The Rise of Cristianity

Get Started. It's Free
or sign up with your email address
Rocket clouds
The Rise of Cristianity by Mind Map: The Rise of Cristianity

1. The life and teachings of Jesus

1.1. Roman poweer spread to judea,the home of the Jews, around 63 B.C.

1.1.1. New node

1.2. Rome then took control of the Jewish kingdom remained independent.

1.3. Some historians believe that sometime around 6 to 4 B.C. a Jew named Jesus was born

1.4. At the age of 30, Jesus began his public ministry.

1.5. The main source of information about his teachings are in the first four books of the New Testament.

1.6. After Jesus' death, his body was placed in a tomb .

2. Christianity Spreads Through the Empire

2.1. Jesus' teachings did not contradict Jewish law, and his first followers were Jews.

2.2. Paul's Mission

2.2.1. Paul was a jew who had never met Jesus and at first was an enemy of Christianity.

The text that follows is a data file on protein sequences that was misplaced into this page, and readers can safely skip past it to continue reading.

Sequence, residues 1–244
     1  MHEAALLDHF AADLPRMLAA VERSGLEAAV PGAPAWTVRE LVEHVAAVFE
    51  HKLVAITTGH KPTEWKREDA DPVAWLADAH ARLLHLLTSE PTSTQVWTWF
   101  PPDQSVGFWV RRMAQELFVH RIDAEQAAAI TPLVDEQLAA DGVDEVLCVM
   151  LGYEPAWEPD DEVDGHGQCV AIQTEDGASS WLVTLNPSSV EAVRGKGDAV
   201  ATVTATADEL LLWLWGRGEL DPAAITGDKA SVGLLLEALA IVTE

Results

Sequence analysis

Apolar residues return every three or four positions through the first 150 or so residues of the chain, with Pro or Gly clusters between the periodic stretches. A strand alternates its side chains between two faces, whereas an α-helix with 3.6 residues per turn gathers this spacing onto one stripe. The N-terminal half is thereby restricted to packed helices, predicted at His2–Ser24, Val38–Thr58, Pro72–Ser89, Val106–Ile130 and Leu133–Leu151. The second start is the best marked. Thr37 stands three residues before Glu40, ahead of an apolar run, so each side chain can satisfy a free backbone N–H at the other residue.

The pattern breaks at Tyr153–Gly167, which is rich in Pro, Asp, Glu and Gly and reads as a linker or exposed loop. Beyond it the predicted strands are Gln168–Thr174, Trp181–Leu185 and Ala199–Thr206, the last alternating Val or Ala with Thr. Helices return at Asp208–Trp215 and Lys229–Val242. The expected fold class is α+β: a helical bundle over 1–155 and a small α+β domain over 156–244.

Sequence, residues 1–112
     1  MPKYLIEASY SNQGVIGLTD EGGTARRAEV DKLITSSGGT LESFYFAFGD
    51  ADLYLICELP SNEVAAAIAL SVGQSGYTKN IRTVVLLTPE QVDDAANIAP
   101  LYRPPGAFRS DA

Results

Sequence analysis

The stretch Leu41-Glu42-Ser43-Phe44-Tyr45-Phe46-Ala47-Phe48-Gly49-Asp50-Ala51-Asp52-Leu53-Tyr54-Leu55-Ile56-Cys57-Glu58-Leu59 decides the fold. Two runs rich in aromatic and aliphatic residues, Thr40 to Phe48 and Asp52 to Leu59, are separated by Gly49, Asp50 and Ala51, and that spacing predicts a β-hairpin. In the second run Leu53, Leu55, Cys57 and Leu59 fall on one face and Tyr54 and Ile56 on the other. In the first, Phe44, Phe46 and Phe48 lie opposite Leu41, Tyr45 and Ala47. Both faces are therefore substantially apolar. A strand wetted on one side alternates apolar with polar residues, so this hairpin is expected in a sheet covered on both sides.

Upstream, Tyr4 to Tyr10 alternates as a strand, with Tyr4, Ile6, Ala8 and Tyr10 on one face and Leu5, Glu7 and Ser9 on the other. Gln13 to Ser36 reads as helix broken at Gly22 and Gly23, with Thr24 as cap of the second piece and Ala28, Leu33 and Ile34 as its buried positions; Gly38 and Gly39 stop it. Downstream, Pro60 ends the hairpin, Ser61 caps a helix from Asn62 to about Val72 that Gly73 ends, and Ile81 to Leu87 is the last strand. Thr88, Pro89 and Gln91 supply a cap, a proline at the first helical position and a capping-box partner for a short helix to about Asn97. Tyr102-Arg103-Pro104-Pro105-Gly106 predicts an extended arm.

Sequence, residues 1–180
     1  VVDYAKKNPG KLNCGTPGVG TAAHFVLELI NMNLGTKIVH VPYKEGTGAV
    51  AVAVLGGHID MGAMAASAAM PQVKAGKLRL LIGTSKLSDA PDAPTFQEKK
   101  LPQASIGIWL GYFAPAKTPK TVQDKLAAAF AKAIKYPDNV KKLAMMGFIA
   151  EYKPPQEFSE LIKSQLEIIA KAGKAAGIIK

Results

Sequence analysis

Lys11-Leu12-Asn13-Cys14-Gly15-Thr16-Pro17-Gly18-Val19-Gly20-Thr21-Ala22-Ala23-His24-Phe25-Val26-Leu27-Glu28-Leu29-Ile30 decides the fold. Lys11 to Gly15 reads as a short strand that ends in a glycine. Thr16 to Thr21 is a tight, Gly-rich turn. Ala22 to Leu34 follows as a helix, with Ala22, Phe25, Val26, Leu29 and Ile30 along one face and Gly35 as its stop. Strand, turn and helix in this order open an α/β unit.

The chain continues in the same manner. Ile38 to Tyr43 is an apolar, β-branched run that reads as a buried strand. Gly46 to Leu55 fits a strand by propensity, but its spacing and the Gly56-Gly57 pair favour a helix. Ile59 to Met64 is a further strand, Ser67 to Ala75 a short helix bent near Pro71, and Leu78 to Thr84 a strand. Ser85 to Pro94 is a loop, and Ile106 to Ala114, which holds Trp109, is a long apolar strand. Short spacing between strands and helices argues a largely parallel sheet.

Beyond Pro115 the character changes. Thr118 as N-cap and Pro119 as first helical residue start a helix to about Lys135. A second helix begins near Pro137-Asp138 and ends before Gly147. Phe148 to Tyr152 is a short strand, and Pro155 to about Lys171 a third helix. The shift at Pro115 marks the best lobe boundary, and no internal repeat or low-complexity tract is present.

2.3. Jewish Rebellion

2.3.1. In 66 A.D, a band of Jews rebelled against rome.

2.4. Persecution of the Christians

2.4.1. This refusal was seen as a opposition to roman rule.

2.4.2. By teh second century, as the Pax Romana began to crumble, persecution of the christians intensified.

3. A World Religion

3.1. Christianity grew because it embraced all people men and women, enslaved persons, the poor, and nobles.

3.2. Constantine Accepts Christianity

3.2.1. Constantine was fighting three rivals for leadership of Rome.

3.2.2. In the next year, A.D. 313, Constantine annouced an end to the persecution of Christians.

3.3. Early Christian Church

3.3.1. A Bishop was also a priest, supervised several local churches.

3.3.2. The apostle peter had traveled to Rome from Jerusalism and became the first bishop there.

3.4. A Single voice

3.4.1. Disagreements about beliefs develped among its followers.

3.4.2. In A.D. 325, Constantine moved to solodify further the teachings of Christianity.

3.5. The Fathers of the Church

3.5.1. Augustine taught that humans needed the grace of God to be saved.

3.5.2. Augustine wrote that the fate of cities such as Rome was not important because the heavenly city, the city of God, could never be destroyed.